Things You'll Need
Thin rope, 1/2-inch diameter
Flag, with grommet holes on the side
Flag hooks or clips
An American flag must be lit at night or taken inside and stored properly.
Stain the wood to give it an antique, custom-made finish, or paint it to match your home then seal it with clear shellac.
A wooden flag pole can be more aesthetically pleasing than a metal one. The wood can be stained to give an old, crafted look. Passersby who view your homemade flag pole displayed in your front yard will likely wonder if it was something you had custom made. But the reality is you will spend very little money to make a wooden flag pole. On top of that, you'll have the satisfaction of having made it by hand.
Buy a wooden rod at the hardware store in the height you would like for your flag pole, keeping in mind that about 10 percent of the total length will be sunk into the ground.
Attach a rope cleat half way up the pole (after subtracting the portion of the pole that will be in the ground). Use the cleat's screws and a power drill to attach it securely to your pole.
Attach a pulley to the top of your flag per instructions on the pulley's package. Thread the thin rope through the pulley until it makes a loop that extends 10 to 12 inches lower than the rope cleat. Knot the rope together using a double knot and trim off the excess rope with scissors.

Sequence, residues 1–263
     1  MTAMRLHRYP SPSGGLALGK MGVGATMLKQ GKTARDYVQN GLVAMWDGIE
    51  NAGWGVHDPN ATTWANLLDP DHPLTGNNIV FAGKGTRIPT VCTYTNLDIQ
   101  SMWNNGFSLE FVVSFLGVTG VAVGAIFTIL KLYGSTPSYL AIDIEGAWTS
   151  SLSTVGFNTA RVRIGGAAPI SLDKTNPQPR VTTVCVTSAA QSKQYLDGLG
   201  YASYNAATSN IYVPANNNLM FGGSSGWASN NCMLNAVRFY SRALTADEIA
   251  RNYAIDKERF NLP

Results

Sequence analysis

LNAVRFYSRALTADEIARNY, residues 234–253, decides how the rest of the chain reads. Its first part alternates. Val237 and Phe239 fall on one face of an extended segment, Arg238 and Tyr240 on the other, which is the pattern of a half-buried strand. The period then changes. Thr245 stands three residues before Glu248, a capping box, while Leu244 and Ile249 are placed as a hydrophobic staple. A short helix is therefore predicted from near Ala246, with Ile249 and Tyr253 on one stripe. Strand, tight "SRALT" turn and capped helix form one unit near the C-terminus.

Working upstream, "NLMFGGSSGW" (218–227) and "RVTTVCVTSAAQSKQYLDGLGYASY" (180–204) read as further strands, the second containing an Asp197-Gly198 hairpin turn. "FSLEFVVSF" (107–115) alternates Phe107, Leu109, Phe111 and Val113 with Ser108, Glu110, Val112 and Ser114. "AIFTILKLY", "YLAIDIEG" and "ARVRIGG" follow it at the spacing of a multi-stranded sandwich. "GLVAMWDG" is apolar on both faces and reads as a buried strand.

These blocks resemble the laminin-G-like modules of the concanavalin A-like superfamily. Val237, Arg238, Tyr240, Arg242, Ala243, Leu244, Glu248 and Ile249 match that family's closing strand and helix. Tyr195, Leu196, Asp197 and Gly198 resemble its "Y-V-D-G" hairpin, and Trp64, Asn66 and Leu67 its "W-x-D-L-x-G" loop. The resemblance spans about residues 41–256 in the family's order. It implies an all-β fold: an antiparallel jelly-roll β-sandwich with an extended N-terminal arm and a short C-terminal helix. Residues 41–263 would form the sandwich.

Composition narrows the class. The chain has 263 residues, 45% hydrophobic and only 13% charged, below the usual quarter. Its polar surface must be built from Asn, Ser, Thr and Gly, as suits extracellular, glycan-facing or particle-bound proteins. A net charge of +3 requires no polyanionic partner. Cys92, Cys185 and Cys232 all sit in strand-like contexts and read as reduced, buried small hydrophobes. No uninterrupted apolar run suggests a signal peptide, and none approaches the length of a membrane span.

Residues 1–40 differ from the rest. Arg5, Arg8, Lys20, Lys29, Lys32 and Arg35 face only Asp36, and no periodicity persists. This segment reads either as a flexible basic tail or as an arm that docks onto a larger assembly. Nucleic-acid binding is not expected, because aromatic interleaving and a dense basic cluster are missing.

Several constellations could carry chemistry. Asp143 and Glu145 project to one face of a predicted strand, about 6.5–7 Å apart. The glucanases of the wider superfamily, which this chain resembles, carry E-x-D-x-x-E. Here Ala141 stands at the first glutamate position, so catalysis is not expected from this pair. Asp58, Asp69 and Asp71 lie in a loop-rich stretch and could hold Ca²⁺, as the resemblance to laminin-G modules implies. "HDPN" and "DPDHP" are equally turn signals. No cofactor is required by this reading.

Secure the flag to the rope using flag clips or hooks placed onto the rope. Follow the instructions on the package to secure the hooks to the rope properly. Clip the hooks on the flag at the flags' grommet holes.
Dig a hole about a foot wide and to a depth of at least 10 percent of the pole's total height. Mix cement in a bucket according to the package instructions. Pour the cement into the hole until the hole is nearly full. Sink the ground sleeve into the wet cement according to the instructions that come with it. Place a bar level over the top of the cylindrical ground sleeve to ensure it is level. Allow the cement to set for 24 hours.
Insert the flag pole into the ground sleeve and secure using the tightening screw that comes with the ground sleeve. Raise the flag by pulling down on the rope pulley system and wrapping excess rope around the rope cleat.
Anne Wilson is a writer and editor covering business and finance news, politics, issues affecting women and minorities, health, gardening, fashion and the environment. Most recently an associate editor for a nationally acclaimed magazine, Wilson also worked for The Associated Press and as a daily news reporter for several years. She has lived in California her entire life.